Saturday, March 9, 2019: Blowing across Kansas, with two unique stops

We get an early start, with temperatures in the 40’s and winds at 35 mph, gusting to 55.  West of Hays, Kansas, we stop at the tiny Walter P. Chrysler Boyhood Home and Museum in Ellis.  Born in 1875, Walter, as a 13 year old, worked with his father and older brother to build this small, frame house.  About then, Walter built his own toolbox and started working for the railroad, wiping down steam engines. After early work years for the railroads, he switched to automobiles, working his way up through Buick and starting Chrysler in 1925.  Living on Long Island, he directed the building of the Chrysler Building in New York City, completed in 1930.

We enjoy these random historical glimpses as we work our way across the country.   

Mercedes Motorhome traveling

Back on I-70, we continue to be whipped by strong, cross winds.  Almost to Colorado, in Goodland, Kansas, we stop at the High Plains Museum, located in a modest, one story building. It holds many local artifacts, like an early model of a helicopter, which never flew.  A photography show from a local photographer titled “Considering the Commonplace,” notes that the focus is on the beauty in Kansas that tourists going 70mph miss.  Reflecting on “decay and renewal,” the photographer shot common things, such as a freshly painted door on a decaying house, newly painted lines on worn roads and signs, and a new awning on an old bar.  We come out of there feeling renewed ourselves.

On the west side of Denver, we meet a friend of one of our sons for a beer in a newly, gentrified neighborhood.  In Golden, we park for the night in the parking lot of a grocery store next to an Orange Theory gym, where we will work out in the morning.

 

Sunday, March 10, 2019: Across Colorado, into Utah, and surprise meet-up

After our workout at Orange Theory and smoothies in the van, we continue west on I-70.  Around Vail, we wait for about an hour, while crews finish cleaning up from an avalanche a few days ago.  We push on and then notice a sign in Utah saying, “Next service 42 miles.” There was no traffic, but then after the Rt. 191 junction from Moab, we notice a Ford Transit camper slowly coming up on us.  They pull up next to us and it is Mike and Jennifer Wendland, also on their way to the Salt Lake City RVX Show.  We decide to have dinner together at Green River. We all pull into the KOA there and we dump and refill our water, but the restaurant there is closing, so Mike and I go on to a truck stop and they stay at the KOA.  We are all glad that we have our own food on board in this remote area. I thaw out pulled pork from home for sandwiches and fix a salad.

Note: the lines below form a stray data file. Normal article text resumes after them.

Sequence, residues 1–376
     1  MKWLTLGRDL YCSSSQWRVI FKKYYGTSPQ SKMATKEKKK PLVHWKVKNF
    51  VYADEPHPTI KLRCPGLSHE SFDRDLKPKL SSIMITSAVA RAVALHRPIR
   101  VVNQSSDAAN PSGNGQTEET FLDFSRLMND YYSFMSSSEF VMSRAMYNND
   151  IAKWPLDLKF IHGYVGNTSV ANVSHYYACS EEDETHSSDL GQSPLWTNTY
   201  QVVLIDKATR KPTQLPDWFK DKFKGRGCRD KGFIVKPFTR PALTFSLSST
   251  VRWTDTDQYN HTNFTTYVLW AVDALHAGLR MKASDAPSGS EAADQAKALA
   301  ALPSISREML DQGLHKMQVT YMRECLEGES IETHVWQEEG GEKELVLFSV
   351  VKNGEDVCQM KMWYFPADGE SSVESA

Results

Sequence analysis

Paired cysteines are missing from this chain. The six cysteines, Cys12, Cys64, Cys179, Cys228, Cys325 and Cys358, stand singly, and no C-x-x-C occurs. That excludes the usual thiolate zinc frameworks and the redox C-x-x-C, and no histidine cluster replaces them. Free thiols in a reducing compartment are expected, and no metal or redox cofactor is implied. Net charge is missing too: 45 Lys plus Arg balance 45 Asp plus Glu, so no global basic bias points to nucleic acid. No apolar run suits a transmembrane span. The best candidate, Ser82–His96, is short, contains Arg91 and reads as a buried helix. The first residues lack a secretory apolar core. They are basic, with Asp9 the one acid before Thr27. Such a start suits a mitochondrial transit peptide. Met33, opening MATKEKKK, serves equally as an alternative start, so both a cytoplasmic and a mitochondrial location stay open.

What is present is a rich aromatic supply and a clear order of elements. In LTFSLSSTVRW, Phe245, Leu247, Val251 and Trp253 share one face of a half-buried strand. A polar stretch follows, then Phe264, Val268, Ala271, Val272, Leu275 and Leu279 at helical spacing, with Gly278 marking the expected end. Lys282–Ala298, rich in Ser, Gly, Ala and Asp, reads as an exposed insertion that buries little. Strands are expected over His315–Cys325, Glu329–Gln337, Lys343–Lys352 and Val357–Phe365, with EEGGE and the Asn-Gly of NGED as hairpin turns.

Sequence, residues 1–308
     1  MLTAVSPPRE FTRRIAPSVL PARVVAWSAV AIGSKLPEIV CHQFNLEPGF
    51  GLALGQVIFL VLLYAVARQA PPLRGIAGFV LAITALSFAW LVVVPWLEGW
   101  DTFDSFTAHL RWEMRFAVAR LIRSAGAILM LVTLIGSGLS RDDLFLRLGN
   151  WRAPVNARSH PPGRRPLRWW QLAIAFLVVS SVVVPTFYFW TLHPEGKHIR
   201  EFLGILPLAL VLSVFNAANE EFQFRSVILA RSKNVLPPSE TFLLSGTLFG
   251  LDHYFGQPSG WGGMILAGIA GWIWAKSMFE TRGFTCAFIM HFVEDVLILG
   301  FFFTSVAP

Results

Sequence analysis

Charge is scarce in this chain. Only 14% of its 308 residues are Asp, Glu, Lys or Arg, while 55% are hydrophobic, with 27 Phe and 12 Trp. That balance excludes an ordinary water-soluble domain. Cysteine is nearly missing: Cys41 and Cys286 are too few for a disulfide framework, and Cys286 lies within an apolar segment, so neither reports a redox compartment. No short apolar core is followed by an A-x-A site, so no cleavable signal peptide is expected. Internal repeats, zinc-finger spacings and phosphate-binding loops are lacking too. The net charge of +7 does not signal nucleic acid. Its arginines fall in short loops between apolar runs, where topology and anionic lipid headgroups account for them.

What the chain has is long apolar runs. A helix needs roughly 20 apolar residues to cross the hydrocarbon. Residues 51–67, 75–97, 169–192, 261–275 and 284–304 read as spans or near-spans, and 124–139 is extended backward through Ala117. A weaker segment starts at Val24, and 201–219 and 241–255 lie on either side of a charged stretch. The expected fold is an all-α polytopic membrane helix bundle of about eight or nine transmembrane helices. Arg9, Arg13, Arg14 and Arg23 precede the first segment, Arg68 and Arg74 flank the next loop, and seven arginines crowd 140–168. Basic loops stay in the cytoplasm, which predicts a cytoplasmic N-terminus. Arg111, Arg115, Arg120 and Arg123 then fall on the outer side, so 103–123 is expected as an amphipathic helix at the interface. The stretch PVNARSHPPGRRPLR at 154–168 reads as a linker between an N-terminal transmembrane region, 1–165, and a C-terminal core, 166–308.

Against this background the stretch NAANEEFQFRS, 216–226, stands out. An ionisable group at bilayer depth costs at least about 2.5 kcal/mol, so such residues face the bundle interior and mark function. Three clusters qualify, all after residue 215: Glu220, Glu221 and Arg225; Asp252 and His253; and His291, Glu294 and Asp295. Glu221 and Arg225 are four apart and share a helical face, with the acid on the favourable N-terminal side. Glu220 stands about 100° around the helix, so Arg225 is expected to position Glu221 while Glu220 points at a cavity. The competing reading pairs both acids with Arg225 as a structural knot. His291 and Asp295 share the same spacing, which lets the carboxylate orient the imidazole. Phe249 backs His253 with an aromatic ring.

Monday, March 11, 2019: Into Salt Lake City and ready for the RVX Show

We take scenic Rt. 6 North and connect with Rt. 15 into Salt Lake City.  We find a public parking lot across from the Radisson, a few blocks from the Salt Palace Convention Center where the show is.  The attendant tells us it is $5.00/day, but if we go out and come back again after 7:00PM, it will be $20, since it is parking for the Jazz game at the Vivant Center across the street.  We stay put. We walk over to the Visitors Center, register for the RVX Show and go to lunch at Blue Lemon in the upscale Center Creek Mall. We walk around Temple Square and then walk to a great grocery store, Harmon’s, a few blocks away.  Back in the van, we microwave our new food purchases for dinner and get to bed early. Although the parking lot fills up for the Jazz game, we have a quiet night and finish Ozark, the dark TV series we’ve been bingeing on.

 

Tuesday, March 12, 2019:  RVX Show

In the morning, we go out and get the camper washed and fueled.  In the afternoon, we attend the opening of the RVX Show and make our way around the whole show.  We get to bed early again for a quiet night in the parking lot.

 

Wednesday, March 13, 2019:  End of Leg #1 and off to exploring National Parks.

In the morning, we go back to the RVX show and follow up with several people we missed yesterday.  We meet Mike and Jennifer Wendland and Josh, their IT person, for lunch back at the Blue Lemon. About 3:30PM, we head out, stopping again at Harmon’s, the grocery store, before we set off for Capitol Reef National Park.  

This ends Leg #1 of our trip and our week of formal work commitments, appointments and deadlines.  We now have a week and a half to explore Utah and California National Parks, which will constitute Leg #2, March 13 – March 25.  On March 25, we meet up with our kids near Los Angeles for a birthday celebration for Mike and me. The five day stay in California, plus our trip back home to Cleveland, will constitute Leg #3 (March 25 – April 8, 2019).